The American Academy of Sleep Medicine (AASM) is advising anyone with Type 2 diabetes or hypertension to be evaluated for sleep apnea by a board-certified sleep medicine physician. The recommendation comes as the group of international clinicians and researchers meets in Baltimore for SLEEP 2013, the foremost gathering of sleep experts annually.
Overwhelming clinical evidence has shown that patients suffering from two very common illnesses – Type 2 diabetes and hypertension – are at much higher risk for obstructive sleep apnea (OSA), a dangerous condition characterized by episodes of complete or partial airway obstruction during sleep. Research also has shown that treating sleep apnea can help in the management of these two disorders.
“Type 2 diabetics and people with hypertension are much more likely to have obstructive sleep apnea than other people, and as a result should immediately discuss their risk for sleep apnea with a sleep specialist,” said M. Safwan Badr, MD, president of AASM. “Diagnosis and treatment of sleep apnea from a board-certified sleep medicine physician will promote improvement in these conditions – including improved insulin sensitivity, blood pressure and cholesterol.”
Type 2 Diabetes and Obstructive Sleep Apnea
According to the Centers for Disease Control and Prevention, 25.6 million Americans aged 20 years or older suffer from diabetes, and Type 2 diabetes accounts for about 90 to 95 percent of all diagnosed cases. Seven in 10 people with Type 2 diabetes also have obstructive sleep apnea, and the severity of the sleep disorder directly impacts diabetes symptoms; the more severe a diabetic’s untreated sleep apnea, the poorer their glucose control.
“Treating sleep apnea in diabetics improves nighttime glucose levels and insulin sensitivity,” said Badr. “Treatment also will provide benefits of improved sleep unrelated to diabetes – including increased alertness during the day and improved memory and cognitive function.”
A recent study from the University of Chicago shows that continuous positive airway pressure (CPAP) treatment of sleep apnea may have as much of an effect as prescribed oral diabetes medications.
“In our study, one week of optimal CPAP use lowered average 24-hour glucose levels and improved post-breakfast glucose response in Type 2 diabetics with obstructive sleep apnea,” said Esra Tasali, MD, lead author of the study and assistant professor of medicine, pulmonary and critical care medicine at the University of Chicago Department of Medicine. “The dawn phenomenon, an early-morning increase in blood sugar in people who have Type 2 diabetes, also was reduced by 45 percent as a result of CPAP therapy.”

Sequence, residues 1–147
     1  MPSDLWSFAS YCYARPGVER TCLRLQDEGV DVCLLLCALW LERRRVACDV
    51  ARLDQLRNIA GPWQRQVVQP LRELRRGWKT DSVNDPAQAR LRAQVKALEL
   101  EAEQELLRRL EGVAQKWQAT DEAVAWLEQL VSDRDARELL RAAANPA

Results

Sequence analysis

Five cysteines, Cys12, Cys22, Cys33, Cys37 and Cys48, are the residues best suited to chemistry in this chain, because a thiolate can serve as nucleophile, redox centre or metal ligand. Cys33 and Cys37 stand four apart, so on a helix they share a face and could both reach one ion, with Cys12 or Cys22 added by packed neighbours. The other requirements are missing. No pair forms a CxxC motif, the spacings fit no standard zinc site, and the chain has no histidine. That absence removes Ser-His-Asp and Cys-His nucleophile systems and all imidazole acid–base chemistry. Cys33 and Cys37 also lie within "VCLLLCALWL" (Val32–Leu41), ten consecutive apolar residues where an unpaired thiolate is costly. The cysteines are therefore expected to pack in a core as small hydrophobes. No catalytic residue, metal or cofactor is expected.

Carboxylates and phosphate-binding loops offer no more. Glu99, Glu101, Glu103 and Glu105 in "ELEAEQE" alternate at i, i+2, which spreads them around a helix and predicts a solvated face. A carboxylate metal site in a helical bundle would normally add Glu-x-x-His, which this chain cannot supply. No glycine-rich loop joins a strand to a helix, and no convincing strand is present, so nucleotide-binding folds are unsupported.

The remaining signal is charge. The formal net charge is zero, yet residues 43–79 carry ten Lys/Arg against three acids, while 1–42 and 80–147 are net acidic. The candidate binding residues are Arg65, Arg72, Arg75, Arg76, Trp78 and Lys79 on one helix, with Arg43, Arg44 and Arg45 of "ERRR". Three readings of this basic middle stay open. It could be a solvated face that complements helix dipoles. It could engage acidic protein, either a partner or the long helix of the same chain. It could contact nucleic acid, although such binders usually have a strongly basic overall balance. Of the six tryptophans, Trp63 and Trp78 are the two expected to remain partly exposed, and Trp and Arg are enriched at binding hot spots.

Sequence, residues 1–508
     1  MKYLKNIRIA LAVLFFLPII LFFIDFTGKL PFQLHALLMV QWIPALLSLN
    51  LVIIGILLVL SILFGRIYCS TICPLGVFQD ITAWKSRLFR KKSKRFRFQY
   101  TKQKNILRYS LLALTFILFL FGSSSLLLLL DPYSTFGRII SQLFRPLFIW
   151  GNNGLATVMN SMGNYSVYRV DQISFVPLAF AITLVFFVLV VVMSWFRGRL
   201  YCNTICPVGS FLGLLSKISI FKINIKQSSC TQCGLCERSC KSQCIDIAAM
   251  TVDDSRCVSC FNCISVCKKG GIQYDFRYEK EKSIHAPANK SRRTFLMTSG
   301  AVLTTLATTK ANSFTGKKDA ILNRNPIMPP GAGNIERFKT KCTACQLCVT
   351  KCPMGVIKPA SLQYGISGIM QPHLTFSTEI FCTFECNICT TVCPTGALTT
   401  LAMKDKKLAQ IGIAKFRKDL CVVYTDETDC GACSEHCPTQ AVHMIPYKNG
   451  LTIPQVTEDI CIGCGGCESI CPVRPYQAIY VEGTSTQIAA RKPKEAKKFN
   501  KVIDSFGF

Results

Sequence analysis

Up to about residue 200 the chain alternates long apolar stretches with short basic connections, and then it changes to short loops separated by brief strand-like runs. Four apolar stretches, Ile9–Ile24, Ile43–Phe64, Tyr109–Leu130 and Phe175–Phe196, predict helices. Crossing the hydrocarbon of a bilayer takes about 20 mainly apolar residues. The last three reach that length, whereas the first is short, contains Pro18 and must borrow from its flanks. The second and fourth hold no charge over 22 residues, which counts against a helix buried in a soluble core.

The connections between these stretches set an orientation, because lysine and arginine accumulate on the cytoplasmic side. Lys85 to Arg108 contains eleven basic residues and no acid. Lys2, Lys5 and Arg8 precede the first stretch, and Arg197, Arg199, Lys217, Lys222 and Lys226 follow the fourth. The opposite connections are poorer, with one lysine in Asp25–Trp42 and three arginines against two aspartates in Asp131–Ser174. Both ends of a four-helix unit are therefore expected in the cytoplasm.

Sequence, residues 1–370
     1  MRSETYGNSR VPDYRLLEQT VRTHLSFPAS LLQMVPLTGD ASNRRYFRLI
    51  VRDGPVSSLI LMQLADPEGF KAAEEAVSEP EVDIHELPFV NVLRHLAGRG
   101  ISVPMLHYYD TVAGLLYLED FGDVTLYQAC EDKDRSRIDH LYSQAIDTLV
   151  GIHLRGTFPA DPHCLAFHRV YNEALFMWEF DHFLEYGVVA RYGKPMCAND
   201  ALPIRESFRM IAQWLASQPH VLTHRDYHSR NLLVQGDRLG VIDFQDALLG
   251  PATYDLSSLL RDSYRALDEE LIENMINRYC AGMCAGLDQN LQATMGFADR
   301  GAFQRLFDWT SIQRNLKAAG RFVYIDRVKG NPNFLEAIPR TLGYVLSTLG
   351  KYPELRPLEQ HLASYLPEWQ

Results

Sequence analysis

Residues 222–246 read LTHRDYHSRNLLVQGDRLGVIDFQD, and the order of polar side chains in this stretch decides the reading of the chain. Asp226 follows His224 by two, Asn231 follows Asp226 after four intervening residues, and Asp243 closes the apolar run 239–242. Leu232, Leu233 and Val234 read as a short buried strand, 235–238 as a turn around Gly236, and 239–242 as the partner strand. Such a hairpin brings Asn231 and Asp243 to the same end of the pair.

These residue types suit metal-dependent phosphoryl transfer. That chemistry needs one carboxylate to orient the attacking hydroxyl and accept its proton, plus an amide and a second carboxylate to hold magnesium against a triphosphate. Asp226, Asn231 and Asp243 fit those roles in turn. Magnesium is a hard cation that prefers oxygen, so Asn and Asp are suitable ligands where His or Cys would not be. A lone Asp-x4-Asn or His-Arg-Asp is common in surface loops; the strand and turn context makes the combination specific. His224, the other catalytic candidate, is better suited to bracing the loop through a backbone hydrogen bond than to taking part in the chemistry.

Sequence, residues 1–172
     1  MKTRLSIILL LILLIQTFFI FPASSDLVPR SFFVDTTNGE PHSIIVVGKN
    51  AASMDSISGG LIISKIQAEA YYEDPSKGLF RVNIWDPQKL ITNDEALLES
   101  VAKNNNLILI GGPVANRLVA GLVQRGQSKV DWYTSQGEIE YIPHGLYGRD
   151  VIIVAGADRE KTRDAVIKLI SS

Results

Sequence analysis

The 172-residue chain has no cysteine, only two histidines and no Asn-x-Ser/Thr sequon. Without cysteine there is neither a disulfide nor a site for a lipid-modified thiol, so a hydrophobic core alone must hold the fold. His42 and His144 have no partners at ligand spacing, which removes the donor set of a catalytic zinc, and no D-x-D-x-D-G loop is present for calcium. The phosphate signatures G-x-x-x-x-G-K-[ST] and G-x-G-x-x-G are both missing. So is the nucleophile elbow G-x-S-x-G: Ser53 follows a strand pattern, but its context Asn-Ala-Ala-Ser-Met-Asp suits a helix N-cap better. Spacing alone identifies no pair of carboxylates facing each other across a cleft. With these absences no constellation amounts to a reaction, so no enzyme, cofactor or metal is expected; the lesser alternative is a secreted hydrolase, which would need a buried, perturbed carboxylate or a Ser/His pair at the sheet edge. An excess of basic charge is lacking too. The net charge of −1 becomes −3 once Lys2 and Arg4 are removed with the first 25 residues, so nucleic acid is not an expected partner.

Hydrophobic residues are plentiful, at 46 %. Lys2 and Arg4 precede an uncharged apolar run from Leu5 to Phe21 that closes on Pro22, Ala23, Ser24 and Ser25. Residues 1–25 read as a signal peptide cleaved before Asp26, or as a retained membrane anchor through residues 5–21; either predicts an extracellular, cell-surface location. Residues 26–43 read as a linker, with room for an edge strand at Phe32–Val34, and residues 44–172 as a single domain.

Hypertension and Obstructive Sleep Apnea
High blood pressure, known as hypertension, is the most important risk factor for cardiovascular disease and is not limited to diabetes sufferers. A staggering 67 million Americans have high blood pressure, which is about one in every three adults. Between 30 and 40 percent of adults with high blood pressure also have sleep apnea, which is even more prevalent in those with resistant hypertension. Approximately 80 percent of patients that do not respond to hypertensive medications have sleep apnea. Seeking and adhering to sleep apnea treatment is a proven means of decreasing blood pressure.
“Evidence shows that sleep apnea treatment lowers nighttime and daytime blood pressure, with the greatest improvement in patients seeking treatment for moderate to severe sleep apnea,” said Badr. “The higher your blood pressure, the greater your risk of suffering a heart attack or stroke. Reducing your blood pressure lowers your risk of cardiovascular disease and improves your overall health.”
Patients suffering from Type 2 diabetes or hypertension should discuss their risk for obstructive sleep apnea with a board-certified sleep medicine physician, who can oversee their diagnosis and prescribe the most appropriate treatment. The team of health care professionals at an AASM-accredited sleep center works individually with patients to ensure long-term treatment effectiveness.
American Academy of Sleep Medicine